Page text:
Time’s Wasting

It’s amazing the conversations that can happen when we’re on time…

2 thoughts on “Time’s Wasting

  1. Dave, I’m upping the ante….way up, with this comment. I’m skipping over many years, maybe even a century and getting right to the endgame. Here are two websites that express my concerns about technology, though, I admit to being fascinated with it, not for the conveniences it affords us but for the sheer power and knowledge it lets loose. This is how one scientist (who helped develop nuclear weapons) put it,

    “I have felt it myself. The glitter of nuclear weapons. It is irresistible if you come to them as a scientist. To feel it’s there in your hands, to release this energy that fuels the stars, to let it do your bidding. To perform these miracles, to lift a million tons of rock into the sky. It is something that gives people an illusion of illimitable power, and it is, in some ways, responsible for all our troubles – this, what you might call technical arrogance, that overcomes people when they see what they can do with their minds”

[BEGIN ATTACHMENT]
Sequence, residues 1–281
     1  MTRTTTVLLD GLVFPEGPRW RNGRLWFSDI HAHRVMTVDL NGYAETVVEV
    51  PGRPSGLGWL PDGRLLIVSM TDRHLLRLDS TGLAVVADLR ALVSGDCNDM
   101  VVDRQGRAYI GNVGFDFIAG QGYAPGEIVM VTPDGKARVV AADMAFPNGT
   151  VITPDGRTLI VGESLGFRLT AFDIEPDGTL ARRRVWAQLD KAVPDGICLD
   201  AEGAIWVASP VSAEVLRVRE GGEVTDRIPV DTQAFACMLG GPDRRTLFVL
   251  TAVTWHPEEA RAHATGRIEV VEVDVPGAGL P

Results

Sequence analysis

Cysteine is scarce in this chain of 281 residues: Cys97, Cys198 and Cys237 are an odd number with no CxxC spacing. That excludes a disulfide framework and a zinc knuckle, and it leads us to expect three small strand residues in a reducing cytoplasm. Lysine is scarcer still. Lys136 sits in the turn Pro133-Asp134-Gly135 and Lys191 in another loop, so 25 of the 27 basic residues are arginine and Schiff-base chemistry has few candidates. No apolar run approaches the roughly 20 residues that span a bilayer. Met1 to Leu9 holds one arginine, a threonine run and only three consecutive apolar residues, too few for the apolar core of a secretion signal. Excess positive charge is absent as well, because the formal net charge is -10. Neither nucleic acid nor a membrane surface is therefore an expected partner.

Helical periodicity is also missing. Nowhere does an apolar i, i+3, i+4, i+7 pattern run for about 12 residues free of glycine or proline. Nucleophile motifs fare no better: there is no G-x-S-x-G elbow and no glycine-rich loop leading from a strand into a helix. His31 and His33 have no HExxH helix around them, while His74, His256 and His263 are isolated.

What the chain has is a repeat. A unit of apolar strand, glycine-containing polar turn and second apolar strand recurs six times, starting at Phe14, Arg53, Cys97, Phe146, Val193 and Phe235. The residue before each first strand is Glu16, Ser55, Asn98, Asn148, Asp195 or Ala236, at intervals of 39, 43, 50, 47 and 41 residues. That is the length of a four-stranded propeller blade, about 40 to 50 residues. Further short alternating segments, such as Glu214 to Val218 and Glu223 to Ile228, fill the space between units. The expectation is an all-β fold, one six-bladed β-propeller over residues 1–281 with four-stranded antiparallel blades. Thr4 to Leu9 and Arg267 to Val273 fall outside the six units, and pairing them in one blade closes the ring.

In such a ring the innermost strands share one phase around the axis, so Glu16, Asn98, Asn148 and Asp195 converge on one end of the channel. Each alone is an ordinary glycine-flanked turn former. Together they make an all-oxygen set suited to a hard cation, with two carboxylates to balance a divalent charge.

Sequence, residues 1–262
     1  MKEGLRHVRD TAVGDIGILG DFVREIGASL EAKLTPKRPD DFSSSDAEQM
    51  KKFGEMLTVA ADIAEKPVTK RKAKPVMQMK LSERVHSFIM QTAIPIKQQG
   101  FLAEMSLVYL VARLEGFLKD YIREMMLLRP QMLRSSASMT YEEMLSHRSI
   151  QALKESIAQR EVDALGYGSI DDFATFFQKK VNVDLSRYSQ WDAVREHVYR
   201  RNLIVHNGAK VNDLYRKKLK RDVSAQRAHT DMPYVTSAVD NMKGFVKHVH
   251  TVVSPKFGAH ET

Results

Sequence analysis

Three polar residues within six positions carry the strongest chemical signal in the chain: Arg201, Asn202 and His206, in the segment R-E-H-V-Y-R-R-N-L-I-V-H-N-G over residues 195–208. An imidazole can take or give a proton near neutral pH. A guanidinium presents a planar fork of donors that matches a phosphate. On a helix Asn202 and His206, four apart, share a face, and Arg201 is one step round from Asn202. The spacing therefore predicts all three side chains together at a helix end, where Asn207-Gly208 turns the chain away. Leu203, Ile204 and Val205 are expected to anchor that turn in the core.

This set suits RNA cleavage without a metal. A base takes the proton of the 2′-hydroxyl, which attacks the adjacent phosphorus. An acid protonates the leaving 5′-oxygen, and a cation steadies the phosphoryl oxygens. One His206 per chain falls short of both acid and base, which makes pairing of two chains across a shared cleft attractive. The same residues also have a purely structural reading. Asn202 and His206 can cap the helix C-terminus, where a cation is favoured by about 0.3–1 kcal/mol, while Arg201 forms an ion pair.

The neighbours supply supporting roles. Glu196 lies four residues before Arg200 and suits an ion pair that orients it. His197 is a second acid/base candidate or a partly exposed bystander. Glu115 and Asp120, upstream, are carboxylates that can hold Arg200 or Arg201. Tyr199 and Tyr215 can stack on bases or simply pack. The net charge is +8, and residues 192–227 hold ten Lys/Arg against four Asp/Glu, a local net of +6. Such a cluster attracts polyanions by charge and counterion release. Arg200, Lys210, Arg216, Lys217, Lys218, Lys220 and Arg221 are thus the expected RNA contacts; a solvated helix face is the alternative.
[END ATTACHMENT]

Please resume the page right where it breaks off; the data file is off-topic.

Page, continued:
Freeman Dyson quoted in “The Day After Trinity”

    Some days I feel overcome,
    Cheryl

    http://www.wired.com/wired/
    archive/8.04/joy_pr.html#8

    http://www.tecsoc.org/innovate/focusbilljoy.htm

  2. Cheryl, I appreciate your concern and certainly track the logic behind at some level…although, to be honest, that last website in your comment smacks of undocumented conspiracy theory to me…and the point of my post wasn’t really to cover the same ground as “I, Robot.”

    The theological implications are huge for this conuundrum, however, and I think you’ve hit on that. Do we abandon research into cures for cancer? I don’t think any reasonable person would answer yes to that. The tension we walk is this: we were created as creators, and thus I think it is natural for us to cover brave new territory and to push our limits. I think that is ultimately safe, because there is, at the end of the day, a line which we will not be able to cross.

    I fear more the loss of appreciation for the miraculous. The more we convince ourselves that we create the miracles, the less we will look for them around us. And we certainly don’t need any more spiritual apathy in our culture.

Thoughts?

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